Softbills, like this keel-billed toucan, eat soft foods.
You learned about different softbill diets in the January 2009 issue of BIRD TALK magazine. Let’s take a look at more information about softbill diets.
Softbills aren’t called “softbills” because they have a soft bill; rather they eat a diet generally made up of soft foods. These can be soft fruits, or insects, or even nectar or pollen.
Early aviculturists didn’t have the luxury of the commercial diets that we have today, especially here in the United States. In the United Kingdom and Europe, there have been commercial softbill diets available for decades; not so here. I checked in my Volume 3 of the old 1977 Encyclopaedia of Aviculture, edited by Rutgers and Norris, with a huge contribution from Hank Bates and Bob Busenbark, including the chapter on diets. Their standard softbill diet, made for such diverse species as bulbuls, thrushes, starlings, mynahs, waxwings, barbets, collies (mousebirds), and babblers, like Pekin Robins, Mesias, etc. consisted of:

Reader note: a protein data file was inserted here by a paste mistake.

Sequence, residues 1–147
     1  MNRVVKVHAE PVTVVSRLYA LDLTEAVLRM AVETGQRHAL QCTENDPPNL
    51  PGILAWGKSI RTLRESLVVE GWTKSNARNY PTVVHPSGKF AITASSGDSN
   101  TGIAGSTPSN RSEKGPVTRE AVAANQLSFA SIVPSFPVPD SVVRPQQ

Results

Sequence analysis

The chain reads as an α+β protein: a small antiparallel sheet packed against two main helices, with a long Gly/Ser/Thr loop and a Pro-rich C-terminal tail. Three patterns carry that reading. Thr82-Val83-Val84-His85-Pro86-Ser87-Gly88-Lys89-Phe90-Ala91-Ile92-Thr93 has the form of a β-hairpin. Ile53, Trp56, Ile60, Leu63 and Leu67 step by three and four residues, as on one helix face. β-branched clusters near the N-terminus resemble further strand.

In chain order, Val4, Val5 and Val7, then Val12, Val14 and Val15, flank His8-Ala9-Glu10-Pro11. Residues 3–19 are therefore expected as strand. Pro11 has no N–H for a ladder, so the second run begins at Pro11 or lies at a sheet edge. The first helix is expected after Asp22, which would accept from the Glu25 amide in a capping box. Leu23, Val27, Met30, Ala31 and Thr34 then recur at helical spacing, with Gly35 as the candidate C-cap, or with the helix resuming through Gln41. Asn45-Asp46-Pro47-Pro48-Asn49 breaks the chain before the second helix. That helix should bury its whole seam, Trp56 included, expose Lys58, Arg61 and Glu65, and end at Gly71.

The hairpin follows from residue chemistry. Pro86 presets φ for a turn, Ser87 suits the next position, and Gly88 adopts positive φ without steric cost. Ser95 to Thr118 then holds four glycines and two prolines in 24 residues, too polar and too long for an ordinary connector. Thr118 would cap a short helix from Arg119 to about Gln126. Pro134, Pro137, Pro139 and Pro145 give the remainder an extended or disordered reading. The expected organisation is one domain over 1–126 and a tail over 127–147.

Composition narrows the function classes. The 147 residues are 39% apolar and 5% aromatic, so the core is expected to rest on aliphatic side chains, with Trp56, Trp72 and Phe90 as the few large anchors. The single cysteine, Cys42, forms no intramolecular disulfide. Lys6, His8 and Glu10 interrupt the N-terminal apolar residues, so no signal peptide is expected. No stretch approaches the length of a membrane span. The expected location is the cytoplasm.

5 lb turkey-rearing pellets without additives
2 lb soya flour
8 oz Vionate vitamins
1 lb clear honey
1 pt ground nut or corn oil
All dry ingredients were mixed together, then the honey and oil were added and thoroughly blended.
Sounds like a lot of work!
Today we have a number of various sized pellets as well available as powdered products, like Bugs~n~Berries, that are produced by several animal feed companies. Some products are even species specific, like swan food or flamingo food. Some softbill species are prone to iron storage disease (hemochromatosis) and need a diet as low in iron as is feasible, also available from manufacturers, taking much of the worry out of trying to produce a low-iron diet on your own.
**Did you enjoy this information on light? Learn how to bring the light to your bird in the January 2009 issue of BIRD TALK magazine.**